by Lorien E. Menhennett
Use row operations to find the multiplicative inverse of the following matrix.
Those were my instructions from my precalculus review book. Multiplicative? Inverse? Matrix? Say what?
Don’t get me wrong. I really do enjoy math. And I’m pretty good at it: I got through calculus in high school, and even got college credit for it by taking the Advanced Placement exam (I got the highest possible score of 5).
Why the regression to precalculus? Well, I haven’t been in a math class for more than a decade – it was last century, as a matter of fact (1999) – so I’m a little rusty. And I need calculus for physics, which I hope to take next year. So I started with the basics (college algebra) and now am about two-thirds through precalc.
I had no problems with combination functions, rate of decay, or slant asymptopes. (I really do like that word, asymptopes …) But something about matrices just gets me all hung up like an old coiled plastic telephone cord. It’s terribly aggravating.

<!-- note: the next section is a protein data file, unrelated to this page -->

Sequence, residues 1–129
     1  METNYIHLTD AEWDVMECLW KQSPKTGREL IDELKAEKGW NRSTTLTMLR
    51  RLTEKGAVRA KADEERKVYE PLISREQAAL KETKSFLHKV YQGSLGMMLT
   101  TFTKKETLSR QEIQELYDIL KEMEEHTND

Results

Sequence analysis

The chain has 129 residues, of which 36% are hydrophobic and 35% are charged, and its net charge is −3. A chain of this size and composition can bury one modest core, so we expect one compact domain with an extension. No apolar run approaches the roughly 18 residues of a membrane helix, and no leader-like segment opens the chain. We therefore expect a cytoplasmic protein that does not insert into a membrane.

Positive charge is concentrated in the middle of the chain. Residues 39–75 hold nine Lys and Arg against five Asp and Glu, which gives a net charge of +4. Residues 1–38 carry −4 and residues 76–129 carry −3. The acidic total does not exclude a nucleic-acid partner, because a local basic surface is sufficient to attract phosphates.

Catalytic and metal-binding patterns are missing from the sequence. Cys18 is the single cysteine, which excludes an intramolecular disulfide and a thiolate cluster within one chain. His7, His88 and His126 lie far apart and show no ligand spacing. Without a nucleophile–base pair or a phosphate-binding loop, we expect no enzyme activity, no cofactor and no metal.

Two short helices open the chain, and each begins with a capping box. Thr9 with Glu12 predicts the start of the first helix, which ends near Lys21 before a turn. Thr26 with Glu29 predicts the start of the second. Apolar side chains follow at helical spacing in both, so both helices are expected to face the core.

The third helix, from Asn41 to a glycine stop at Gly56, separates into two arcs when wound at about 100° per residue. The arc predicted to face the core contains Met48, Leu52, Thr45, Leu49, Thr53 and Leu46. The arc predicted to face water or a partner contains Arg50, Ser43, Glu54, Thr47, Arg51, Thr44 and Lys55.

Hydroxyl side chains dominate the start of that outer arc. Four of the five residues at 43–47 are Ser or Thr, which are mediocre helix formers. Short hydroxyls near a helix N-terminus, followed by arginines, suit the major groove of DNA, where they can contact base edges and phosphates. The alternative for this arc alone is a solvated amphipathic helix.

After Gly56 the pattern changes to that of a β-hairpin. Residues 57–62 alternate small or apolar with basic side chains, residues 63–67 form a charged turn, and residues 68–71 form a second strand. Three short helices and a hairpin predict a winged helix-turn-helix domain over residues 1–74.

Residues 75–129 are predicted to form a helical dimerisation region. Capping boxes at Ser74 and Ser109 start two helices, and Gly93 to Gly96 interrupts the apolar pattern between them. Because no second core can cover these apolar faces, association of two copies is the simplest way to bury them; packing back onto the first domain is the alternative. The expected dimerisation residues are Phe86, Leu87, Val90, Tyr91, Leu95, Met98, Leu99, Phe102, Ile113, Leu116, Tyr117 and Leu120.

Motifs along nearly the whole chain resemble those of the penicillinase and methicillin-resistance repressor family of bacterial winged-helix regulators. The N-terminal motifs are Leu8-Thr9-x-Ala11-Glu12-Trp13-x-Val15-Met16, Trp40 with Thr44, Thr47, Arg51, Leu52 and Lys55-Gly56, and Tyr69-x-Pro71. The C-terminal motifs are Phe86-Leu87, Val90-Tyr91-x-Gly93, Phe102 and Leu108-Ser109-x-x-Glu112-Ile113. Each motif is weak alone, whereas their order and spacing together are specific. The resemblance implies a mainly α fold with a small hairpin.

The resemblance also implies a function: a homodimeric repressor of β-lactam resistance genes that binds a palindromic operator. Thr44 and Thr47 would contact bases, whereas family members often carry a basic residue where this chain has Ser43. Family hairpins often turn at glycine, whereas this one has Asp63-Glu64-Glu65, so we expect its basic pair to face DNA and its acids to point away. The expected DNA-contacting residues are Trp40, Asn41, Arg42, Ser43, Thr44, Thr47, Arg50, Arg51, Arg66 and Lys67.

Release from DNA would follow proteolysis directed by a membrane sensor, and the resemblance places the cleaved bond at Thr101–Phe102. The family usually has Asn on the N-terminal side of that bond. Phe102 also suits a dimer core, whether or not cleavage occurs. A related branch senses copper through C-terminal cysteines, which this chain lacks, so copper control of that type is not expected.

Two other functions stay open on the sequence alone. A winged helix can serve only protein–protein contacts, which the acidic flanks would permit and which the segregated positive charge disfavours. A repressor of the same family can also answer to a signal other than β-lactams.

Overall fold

But even more frustrating than not understanding something right off the bat is not having anyone to help me. I’m on my own. Me and my (McGraw-Hill!) review book. Which, in this weather, seems to be worth more as kindling than as a curriculum. (And no, that’s not ex-employee bitterness. At least, I don’t think so.)
I need a flesh-and-blood teacher. Someone who can see where I’m going wrong and can help me work through it. Books can’t anticipate everyone’s difficulties, meaning they can’t address everyone’s difficulties, either. That’s just how it works.
I will make it through matrices and on to conic sections. And I will make it through conic sections too, and trigonometry, and the chapter on series and sequences. And then I will be done with precalculus and ready for *gulp* calculus (again).
I will make it through not as much because I’m intelligent (although I am, and that definitely helps), but because I am determined and resourceful. I keep trying, even when things are hard. And when something doesn’t make sense, I keep searching for the right teaching/learning method that will make sense to me. If I had a human teacher, that would be much easier. But since I am on my own until this fall, that means searching for a teacher whose name begins with “http” or “www.” Which is better than nothing, but pales in comparison to a real person who can work with me and help me understand what I don’t.
Teachers are invaluable. I am fortunate that along with giving me a solid educational foundation (one that is slowly returning to life), mine taught me to not give up. That’s a lesson you don’t forget.